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    Tuesday, June 18, 2024

    Are the people running the Red Sox running the Lakers, too?

    Cue Handel’s Hallelujah Chorus. Sound the church bells and blare the trumpets, good people of Connecticut. Your patron saint, St. Daniel of Hurley, is staying.

    And frankly, had most of you known the offer from the Lakers — or in this case, we harken the great M.L. Carr calling them the Fakers — you’d all have only sipped the Mylanta in recent days rather than chugged it.

    The Fakers’ offer, per ESPN.com, of $70 million for six years was comical. It would have made Hurley one of the NBA's six highest-paid coaches. Swell. Maybe they threw in a country club membership, too.

    Think about it: You are the Los Angeles Lakers. Among the biggest brands not merely in the NBA, but in all of sports. You are aware the courtship of Hurley would be made very public — as Hurley has close relationships with several national media types. You understand the concept of image in a city obsessed with it.

    You are Basketball Hollywood. And when you are Basketball Hollywood, you must make a Hollywood level offer. This requires Louis Vuitton. Dolce and Gabbana. And then the Fakers went Filene’s Basement.

    Makes you wonder: Are the same people who run the Red Sox running the Lakers? Two high profile, high revenue, major media market franchises who appear to have a sudden bargain basement fetish.

    I know many of you probably think I’m knitting with one needle here at the mere suggestion that $11.7 million per year is lunch money. But in this context, it is.

    If it goes public that Hollywood wants its man, then Hollywood better make sure its man is if not the highest paid coach in the league, then a whole lot better than top six. This just in: The Lakers wouldn’t have needed a telethon to raise the money. Now they must go shopping again trying to convince the next guy how badly they really want him.

    I’d like to know why many of these big, bad national media types didn’t know the Fakers’ offer would be closer to a Toyota Avalon than a Porsche. Seriously. If we knew that the expected raise Hurley would get from UConn — more than the current $5 million — would at least get the coach within a driver and nine-iron from the Lakers’ offer, we’d have all predicted Hurley would stay days ago.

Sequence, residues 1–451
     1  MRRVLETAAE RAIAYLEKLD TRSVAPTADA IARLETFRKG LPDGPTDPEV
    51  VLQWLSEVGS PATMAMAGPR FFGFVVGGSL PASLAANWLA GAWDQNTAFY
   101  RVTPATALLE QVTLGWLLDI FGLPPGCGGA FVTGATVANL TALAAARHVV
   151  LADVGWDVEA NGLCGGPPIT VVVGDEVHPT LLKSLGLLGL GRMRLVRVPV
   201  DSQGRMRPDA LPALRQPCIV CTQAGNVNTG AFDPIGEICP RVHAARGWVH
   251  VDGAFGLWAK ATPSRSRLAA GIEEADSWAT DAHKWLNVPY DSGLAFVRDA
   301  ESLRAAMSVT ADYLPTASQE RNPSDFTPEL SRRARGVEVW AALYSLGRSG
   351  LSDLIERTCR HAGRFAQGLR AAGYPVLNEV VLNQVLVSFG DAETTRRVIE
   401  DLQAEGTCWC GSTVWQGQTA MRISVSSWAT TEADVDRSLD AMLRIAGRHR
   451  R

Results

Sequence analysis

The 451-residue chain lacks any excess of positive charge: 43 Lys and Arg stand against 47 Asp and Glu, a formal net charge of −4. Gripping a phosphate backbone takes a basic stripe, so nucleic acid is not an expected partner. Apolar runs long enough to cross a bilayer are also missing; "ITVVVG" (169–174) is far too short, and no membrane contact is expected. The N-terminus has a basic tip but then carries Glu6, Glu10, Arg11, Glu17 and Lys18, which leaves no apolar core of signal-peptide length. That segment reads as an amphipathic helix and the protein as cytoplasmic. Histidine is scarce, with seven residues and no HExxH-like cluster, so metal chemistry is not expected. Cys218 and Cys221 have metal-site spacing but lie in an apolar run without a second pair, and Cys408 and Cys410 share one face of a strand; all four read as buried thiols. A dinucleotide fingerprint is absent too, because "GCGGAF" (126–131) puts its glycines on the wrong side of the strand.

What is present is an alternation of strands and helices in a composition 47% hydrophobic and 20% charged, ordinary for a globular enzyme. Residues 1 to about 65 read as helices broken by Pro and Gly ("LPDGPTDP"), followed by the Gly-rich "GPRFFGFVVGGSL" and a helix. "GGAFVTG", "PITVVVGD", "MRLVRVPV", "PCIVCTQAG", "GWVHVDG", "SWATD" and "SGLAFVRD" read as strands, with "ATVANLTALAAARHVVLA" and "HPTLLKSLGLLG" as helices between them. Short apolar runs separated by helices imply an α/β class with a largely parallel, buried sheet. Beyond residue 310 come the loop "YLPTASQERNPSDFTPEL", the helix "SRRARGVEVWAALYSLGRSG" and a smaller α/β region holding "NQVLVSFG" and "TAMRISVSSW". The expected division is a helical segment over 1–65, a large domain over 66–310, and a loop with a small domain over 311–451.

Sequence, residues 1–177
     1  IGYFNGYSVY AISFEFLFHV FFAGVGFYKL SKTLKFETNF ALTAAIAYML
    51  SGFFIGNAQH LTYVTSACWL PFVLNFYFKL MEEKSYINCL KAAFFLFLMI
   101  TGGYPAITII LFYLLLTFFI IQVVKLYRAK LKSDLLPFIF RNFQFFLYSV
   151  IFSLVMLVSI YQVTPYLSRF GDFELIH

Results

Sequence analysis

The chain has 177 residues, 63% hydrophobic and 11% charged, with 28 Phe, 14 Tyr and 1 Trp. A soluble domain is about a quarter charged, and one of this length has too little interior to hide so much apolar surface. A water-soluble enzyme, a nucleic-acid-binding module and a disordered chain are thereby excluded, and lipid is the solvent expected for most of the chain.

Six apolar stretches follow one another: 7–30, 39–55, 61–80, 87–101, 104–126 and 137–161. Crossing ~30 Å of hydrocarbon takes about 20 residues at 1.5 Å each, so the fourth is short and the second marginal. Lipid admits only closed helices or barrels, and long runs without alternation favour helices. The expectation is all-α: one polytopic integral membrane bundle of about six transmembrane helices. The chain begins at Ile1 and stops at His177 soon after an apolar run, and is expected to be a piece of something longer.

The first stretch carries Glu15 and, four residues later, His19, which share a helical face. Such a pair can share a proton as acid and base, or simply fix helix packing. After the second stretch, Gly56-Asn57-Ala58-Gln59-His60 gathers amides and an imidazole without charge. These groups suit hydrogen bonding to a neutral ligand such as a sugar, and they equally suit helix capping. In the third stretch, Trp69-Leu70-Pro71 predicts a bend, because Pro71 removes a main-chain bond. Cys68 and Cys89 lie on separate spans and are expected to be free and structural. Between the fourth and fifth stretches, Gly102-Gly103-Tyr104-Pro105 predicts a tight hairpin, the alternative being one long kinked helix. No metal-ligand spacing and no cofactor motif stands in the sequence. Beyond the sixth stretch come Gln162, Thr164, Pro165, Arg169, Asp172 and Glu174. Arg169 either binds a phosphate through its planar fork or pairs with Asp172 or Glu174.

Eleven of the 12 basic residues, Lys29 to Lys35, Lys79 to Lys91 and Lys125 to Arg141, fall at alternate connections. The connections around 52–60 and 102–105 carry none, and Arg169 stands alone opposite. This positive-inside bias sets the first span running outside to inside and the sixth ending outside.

Me? I had a hard time seeing him in Tinseltown. You know: Driving the convertible down Santa Monica Blvd., stopping at a Starbucks to give his caramel mocha latte Frappuccino Macchiato order to some surfer dude with the IQ of celery.

    Nah. Hurley is where he belongs. Here among us. Not that we go around treating each other like we’re all siblings in the Von Trapp Family, but most of the state agrees that UConn men’s basketball cuts through the miserable as Connecticut’s great uniter, especially now that Hurley has rebuilt the Roman Empire.

    My guess is that the national college basketball media cartel is partying over this news as well. If you pay attention, you know that they don’t cover the sport now as much as promote it. They see college basketball losing its relevance — particularly within the football-dominated context of revenue, expansion, realignment and NIL considerations — and need to keep all the Dan Hurleys they can in their game.

    By now, we’re used to hype disappointing us. And here came Monday with all of Connecticut — and Los Angeles, I’d guess, too — breathing into brown paper bags. Then we get this. The Fakers offered Hurley what amounted to maybe three million a year more than he’d get by staying where he is deified and avoid uprooting his life.

    Only Hurley himself knows the relevant factors that went into his decision. But six years and $100 million (or more) would have sent a clearer and more declarative message. Dan Hurley isn’t leaving Camelot to become “one of the top six highest paid coaches.” If the Fakers really wanted him, they should have acted as such.

    This is the opinion of Day sports columnist Mike DiMauro

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